BRIDGEWATER — Nancy Hawley was sworn in to fill a vacancy on the board of selectmen Tuesday, after the Republican Town Committee objected to First Selectman Curtis Read’s first choice for the job.

A Republican had to be appointed to the board after Selectman Leo Null died July 17. And with a deadline coming up, the town’s other two selectmen, both Democrats, had to make a decision. They were to appoint a new Republican selectman Monday.

Read offered the job to a different Republican, Bill Macgeorge. His plan was to vote Macgeorge into office Monday morning, he said. Read only had until Aug. 16 — 30 days after Null’s death — to appoint a new selectman, and he thought Macgeorge was the right guy for the job.

The town was in the midst of rewriting its zoning laws, something Null had been championing, and Macgeorge was the current chairman of the Zoning Board of Appeals. It made sense to Read, and with his pending deadline, and plenty of zoning work to take care of, he wanted Macgeorge in office quickly, he said.

But when the Republican Town Committee heard of Read’s decision, it objected. The committee should have been consulted in the matter, committee co-chairmen Ned Bandler and David Hawley wrote in an Aug. 6 letter to selectmen.

David Hawley is Nancy Hawley’s husband, but their relationship has nothing to do with the RTC’s push to have Nancy Hawley elected, she said.

If Read didn’t pick Hawley to fill the late Leo Null’s seat, the committee would circulate a petition that would eventually create a special election to fill the seat, the Aug. 6 letter said.

While it is within the rights of town residents to ask for a special election, Read considered the ultimatum — Hawley or special election — a political “threat.”

An election would cost the town money, and would create the appearance of a mess, Read said. He didn’t want either of those outcomes.

Neither did Macgeorge, 82, who only wanted to help the town, not be at the center of a special election, he said. When he heard of the hubbub, he bowed out, he said.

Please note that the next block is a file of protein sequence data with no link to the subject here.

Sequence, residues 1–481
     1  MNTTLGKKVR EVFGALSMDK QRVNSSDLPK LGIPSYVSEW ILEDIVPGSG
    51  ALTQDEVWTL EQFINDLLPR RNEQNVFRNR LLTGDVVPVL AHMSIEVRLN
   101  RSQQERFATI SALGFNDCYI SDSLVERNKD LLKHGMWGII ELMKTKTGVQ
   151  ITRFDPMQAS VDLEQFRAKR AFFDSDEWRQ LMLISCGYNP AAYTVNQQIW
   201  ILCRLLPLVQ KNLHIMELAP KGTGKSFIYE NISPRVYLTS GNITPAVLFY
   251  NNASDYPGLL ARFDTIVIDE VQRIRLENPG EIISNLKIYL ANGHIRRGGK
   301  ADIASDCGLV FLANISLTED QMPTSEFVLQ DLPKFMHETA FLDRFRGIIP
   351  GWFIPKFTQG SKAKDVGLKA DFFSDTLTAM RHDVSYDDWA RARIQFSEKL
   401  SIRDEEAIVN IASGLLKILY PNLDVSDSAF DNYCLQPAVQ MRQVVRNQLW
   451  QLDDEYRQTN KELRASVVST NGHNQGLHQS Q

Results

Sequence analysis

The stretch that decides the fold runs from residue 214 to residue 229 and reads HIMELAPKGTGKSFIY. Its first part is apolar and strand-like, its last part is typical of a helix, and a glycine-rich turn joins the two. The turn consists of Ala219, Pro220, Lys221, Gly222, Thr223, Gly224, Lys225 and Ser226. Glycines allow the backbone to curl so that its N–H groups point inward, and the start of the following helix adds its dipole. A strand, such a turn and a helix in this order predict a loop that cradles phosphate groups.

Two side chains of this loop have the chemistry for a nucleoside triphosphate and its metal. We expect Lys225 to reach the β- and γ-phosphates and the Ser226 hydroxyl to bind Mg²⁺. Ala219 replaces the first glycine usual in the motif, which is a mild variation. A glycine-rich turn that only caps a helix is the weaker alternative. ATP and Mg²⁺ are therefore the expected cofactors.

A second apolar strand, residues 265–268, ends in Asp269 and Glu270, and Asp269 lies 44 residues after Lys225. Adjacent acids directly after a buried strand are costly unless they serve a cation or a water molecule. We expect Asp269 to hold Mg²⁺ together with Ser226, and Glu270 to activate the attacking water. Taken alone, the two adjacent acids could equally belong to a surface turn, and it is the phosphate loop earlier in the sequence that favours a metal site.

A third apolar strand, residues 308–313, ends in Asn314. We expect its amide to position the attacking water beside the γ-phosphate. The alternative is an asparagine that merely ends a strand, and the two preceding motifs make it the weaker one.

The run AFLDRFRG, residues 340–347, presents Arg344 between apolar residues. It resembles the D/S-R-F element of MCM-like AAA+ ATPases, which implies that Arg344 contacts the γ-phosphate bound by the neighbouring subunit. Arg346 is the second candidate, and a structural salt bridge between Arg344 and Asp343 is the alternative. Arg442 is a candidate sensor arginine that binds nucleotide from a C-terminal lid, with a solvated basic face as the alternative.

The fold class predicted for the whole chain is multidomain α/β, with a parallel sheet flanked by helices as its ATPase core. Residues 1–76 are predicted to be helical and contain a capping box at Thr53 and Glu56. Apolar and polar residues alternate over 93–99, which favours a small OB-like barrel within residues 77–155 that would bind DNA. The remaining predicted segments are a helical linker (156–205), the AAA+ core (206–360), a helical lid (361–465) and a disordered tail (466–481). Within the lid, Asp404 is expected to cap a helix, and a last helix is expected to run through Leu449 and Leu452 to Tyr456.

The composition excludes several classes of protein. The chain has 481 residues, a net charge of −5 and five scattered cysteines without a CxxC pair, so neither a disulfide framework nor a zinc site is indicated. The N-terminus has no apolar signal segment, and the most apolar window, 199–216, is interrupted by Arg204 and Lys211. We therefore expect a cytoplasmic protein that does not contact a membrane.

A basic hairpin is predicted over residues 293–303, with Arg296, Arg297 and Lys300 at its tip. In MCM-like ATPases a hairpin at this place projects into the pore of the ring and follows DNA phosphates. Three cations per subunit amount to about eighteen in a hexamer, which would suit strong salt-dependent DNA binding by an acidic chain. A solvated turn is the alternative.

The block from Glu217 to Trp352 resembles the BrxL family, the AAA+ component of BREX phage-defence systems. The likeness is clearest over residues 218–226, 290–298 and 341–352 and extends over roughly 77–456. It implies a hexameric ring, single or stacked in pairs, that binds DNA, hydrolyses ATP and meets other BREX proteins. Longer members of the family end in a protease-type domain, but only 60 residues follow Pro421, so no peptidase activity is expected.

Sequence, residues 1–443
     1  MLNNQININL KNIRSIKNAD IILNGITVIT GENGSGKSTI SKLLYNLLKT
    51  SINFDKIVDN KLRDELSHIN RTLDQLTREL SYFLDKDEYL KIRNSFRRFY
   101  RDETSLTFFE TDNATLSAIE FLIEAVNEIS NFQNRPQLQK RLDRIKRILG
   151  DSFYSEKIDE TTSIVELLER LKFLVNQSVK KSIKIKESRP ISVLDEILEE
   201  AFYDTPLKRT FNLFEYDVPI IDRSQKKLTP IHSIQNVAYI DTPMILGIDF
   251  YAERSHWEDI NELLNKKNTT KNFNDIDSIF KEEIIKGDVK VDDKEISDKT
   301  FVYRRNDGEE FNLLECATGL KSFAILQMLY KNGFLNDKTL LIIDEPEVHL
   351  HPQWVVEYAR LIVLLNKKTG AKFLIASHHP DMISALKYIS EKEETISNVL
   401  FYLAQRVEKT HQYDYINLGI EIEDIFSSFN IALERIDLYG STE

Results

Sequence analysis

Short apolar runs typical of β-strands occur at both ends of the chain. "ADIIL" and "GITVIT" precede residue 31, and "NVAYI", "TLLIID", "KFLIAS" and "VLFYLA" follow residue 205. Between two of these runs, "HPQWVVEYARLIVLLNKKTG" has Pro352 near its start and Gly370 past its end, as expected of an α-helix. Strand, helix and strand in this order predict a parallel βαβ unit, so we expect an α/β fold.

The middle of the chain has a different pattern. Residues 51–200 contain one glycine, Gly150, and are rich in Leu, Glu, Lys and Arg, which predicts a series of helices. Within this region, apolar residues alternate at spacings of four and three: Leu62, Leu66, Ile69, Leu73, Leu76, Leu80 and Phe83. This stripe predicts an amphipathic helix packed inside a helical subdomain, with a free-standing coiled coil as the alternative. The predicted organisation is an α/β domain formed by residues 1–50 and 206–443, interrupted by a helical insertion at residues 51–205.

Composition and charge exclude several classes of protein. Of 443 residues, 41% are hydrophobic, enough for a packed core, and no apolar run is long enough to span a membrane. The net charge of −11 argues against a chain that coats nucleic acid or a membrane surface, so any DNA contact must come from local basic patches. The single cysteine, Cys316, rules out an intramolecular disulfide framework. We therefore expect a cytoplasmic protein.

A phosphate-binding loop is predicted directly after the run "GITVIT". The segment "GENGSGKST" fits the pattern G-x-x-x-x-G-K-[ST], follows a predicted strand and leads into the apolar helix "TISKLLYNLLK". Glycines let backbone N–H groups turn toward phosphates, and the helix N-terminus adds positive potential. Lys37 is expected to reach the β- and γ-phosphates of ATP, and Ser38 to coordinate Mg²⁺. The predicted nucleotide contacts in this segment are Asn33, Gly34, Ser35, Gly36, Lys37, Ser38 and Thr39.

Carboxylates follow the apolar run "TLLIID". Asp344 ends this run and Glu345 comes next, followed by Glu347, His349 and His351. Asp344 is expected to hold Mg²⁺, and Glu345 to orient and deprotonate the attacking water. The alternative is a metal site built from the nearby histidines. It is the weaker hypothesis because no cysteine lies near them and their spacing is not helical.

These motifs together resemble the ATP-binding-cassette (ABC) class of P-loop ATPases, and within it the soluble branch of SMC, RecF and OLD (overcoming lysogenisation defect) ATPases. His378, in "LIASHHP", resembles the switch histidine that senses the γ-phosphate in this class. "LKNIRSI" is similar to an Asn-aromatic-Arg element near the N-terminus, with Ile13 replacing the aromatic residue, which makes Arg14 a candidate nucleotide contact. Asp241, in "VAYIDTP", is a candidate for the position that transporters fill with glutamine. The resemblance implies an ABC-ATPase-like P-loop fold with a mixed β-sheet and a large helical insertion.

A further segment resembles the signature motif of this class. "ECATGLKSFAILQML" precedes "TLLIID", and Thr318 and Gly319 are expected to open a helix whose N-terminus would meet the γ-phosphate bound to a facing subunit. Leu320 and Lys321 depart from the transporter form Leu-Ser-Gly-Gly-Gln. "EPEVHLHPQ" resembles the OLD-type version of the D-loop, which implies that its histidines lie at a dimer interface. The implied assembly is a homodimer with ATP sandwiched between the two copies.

“I will not expose the town to this kind of nonsense,” he said.

So Hawley was the Republican appointed to carry out the 15 months remaining on Null’s term by the board of selectman Monday.

Hawley, who had been serving as chairperson of the town’s Board of Finance, said the idea that RTC pushed Macgeorge out and used a special election as a political tactic is untrue. Soon after Null’s passing, she wrote a letter to the board asking to be appointed to Null’s seat.

She, and the RTC, thought she was the perfect person for the job, she said. Null was even her running mate in 2013 when she ran for first selectman, and her expertise in finance could help the town balance its budget, she added.

But after the letter was sent, she heard nothing from Read, Hawley said, adding that there was no communication between the board and her, or the RTC.

While Halwey’s appointment was messy, no officials think it will disrupt the board’s work.

Both Read and Macgeorge said she is more than capable of doing the job, adding that they just wished the appointment process had gone differently.

“I know she’ll do a good job,” Macgeorge said. “I’m happy Nancy Hawley is in there. Now I can go fishing.”

blytton@hearstmediact.com; 203-731-3411; @bglytton